John Bogle thinks the investing and business world could benefit from more exposure to history and the classics. In this The Atlantic article, he explains why:
"I'm skeptical about the narrowness of the business school curriculum. I happen to believe it should have a much greater liberal arts emphasis, and even a much greater emphasis on the classics. The Odyssey will tell you an awful lot about human nature and life, and therefore about business, and societal values. Read the Odyssey. Read Dante's Inferno. You can also learn a lot by reading Seneca's essay on the shortness of life or Montaigne's essay on vanity."
What makes a study of history and the Classics so important for business?
"It involves critical thinking," Bogle explained. "It involves some kind of perspective, it involves some ability to think 'you know, this has happened before and it could be happening again now.'"
Bogle goes on to say that we've essentially gone from an ownership society to a situation where agents manage most of the money. Fifty or sixty years ago institutions owned something like eight percent of all stocks. They now own roughly 75 percent. Well, according to him, these agents need to change their emphasis.
"These are pension funds, pension managers, mutual fund managers, but they're agents for others, and they're not honoring their agency. They're not putting their clients first, their principles first. They've ignored their principles, focusing on speculation, rather than investment."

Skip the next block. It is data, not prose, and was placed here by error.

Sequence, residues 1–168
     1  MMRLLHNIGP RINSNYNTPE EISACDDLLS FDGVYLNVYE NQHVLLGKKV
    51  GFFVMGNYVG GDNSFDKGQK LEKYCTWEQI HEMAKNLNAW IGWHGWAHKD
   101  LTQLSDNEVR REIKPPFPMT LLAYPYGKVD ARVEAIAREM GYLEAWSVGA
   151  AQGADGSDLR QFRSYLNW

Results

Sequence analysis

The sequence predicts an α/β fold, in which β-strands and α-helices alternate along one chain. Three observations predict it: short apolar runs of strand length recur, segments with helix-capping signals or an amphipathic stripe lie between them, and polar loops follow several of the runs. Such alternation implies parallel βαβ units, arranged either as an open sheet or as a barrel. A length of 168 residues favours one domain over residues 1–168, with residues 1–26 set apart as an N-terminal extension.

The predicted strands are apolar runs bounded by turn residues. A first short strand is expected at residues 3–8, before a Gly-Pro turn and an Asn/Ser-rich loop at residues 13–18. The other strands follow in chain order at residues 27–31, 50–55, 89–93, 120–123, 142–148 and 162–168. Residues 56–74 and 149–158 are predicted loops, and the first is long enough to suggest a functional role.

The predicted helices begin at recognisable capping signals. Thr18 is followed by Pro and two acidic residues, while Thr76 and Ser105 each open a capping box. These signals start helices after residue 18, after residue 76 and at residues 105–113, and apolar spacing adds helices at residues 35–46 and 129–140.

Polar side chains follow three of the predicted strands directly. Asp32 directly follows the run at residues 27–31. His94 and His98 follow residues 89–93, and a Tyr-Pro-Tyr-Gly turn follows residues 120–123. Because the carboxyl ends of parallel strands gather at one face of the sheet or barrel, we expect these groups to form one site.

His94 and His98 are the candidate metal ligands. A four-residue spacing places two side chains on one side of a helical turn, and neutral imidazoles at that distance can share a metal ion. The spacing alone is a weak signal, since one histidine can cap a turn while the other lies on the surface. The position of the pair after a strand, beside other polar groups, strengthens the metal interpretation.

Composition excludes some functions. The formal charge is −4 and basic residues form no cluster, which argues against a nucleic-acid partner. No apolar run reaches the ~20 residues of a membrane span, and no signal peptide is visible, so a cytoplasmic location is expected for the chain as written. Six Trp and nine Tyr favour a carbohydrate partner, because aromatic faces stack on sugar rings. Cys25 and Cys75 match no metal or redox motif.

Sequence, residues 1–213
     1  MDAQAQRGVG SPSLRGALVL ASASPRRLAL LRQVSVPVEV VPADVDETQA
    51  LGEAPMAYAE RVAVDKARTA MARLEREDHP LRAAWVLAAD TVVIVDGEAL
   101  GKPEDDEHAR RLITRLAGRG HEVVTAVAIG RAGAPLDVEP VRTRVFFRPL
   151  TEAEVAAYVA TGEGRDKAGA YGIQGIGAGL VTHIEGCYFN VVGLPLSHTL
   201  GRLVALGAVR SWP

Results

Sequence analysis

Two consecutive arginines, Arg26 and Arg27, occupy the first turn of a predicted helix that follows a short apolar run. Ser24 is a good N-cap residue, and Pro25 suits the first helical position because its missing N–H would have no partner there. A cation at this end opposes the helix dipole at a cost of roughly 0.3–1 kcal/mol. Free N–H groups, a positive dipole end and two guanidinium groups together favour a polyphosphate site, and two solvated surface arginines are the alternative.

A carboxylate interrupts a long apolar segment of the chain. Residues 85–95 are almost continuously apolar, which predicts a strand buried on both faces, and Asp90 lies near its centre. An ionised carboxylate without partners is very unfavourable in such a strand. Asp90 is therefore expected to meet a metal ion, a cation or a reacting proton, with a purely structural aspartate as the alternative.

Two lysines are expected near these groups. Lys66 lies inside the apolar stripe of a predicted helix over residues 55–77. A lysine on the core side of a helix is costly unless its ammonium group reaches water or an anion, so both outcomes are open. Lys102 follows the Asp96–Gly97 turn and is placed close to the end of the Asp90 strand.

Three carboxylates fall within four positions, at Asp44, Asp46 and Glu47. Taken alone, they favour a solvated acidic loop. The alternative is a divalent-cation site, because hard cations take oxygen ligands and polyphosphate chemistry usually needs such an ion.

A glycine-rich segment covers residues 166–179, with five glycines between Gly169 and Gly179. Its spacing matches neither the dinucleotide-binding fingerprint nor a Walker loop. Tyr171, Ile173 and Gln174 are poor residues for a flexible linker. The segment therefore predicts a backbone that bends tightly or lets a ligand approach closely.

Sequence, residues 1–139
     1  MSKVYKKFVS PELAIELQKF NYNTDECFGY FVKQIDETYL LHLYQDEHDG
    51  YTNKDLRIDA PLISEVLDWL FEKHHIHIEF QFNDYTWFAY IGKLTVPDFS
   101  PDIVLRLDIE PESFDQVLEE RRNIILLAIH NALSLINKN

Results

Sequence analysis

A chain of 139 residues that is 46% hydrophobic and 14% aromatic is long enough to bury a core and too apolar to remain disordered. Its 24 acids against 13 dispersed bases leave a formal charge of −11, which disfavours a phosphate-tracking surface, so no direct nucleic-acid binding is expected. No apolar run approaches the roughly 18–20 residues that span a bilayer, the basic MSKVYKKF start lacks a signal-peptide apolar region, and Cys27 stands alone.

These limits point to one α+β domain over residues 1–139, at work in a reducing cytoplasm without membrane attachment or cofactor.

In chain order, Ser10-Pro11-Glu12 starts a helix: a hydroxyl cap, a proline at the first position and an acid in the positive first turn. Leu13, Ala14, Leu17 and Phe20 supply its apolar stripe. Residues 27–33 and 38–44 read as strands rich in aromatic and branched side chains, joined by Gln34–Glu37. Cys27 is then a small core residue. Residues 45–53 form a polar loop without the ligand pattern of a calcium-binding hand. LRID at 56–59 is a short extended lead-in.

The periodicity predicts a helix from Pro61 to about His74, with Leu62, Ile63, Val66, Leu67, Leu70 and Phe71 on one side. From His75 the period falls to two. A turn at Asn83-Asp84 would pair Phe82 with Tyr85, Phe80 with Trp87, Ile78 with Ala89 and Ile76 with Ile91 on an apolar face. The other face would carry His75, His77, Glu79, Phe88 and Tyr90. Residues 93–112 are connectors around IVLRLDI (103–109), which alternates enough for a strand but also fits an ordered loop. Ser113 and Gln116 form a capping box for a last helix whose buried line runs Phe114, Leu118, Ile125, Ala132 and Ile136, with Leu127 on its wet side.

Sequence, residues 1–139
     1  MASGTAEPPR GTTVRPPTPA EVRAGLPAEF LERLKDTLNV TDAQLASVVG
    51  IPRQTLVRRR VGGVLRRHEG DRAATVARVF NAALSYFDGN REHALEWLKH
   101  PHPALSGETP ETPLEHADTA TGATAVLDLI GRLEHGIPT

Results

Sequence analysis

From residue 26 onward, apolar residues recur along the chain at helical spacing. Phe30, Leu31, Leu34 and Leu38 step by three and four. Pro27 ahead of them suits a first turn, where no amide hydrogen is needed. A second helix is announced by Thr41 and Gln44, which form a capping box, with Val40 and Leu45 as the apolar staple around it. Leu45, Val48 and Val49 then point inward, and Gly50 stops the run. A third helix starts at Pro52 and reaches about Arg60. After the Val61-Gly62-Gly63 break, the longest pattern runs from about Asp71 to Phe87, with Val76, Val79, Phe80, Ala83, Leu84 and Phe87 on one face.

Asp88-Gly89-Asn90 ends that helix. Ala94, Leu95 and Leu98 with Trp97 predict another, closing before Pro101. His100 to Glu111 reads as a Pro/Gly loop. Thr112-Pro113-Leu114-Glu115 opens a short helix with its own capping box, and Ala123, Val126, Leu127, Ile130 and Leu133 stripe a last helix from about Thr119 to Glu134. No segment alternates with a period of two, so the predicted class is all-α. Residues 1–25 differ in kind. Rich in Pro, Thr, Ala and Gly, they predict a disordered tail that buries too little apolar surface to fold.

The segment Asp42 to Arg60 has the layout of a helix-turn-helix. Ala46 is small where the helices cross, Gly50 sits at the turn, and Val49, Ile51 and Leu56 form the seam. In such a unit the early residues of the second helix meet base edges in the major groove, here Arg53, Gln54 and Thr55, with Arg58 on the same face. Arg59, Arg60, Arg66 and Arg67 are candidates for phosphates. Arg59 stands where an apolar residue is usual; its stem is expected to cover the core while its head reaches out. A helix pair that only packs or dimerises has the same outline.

Bogle points out that speculation in aggregate can, especially when frictional costs are taken into account, potentially be worse than a zero sum outcome. In the article he refers to a speech that Ben Graham gave back in 1958. It's pretty clear that Graham would not have thought very highly of the quants.
In fact, it seems he would have consigned them to a rather low level of Dante's Inferno.
Bogle added the following later in the article:
"Somebody ought to spend a little time thinking," he said, "and this gets back to the classics, about the role of business in society. It should add value. But the financial business does not add value. By definition the financial business subtracts value. In round numbers, it takes something like $600 billion out of the pockets of investors every year. That's $6 trillion dollars in 10 years."
Charlie Munger, Paul Volcker, and Warren Buffett have, give or take, articulated similar views on the corrosive effects of short-termism and speculation in the financial system.* They have each generally argued for policies that reduce it over the years. Last September, Buffett and Bogle signed along with 25 others a letter titled Overcoming Short-termism that argued for policies that reduce speculation and encourage patient capital.
So there has been a fair amount of material (new and old) generated on this subject by some pretty good thinkers.
As of now, it appears their views and recommendations will not become policy in any meaningful way.
It will be a fairly unfortunate prospect if that's what happens. A hugely important missed opportunity. At the end of the article, Bogle also paraphrases a quote by Upton Sinclair:
"It's amazing how difficult it is for a man to understand something if he's paid a small fortune not to understand it."
Check out the full article.
When Genius Failed...Again
* Based upon what they wrote in their own time, it seems likely that John Maynard Keynes or John Kenneth Galbraith wouldn't disagree much if at all.
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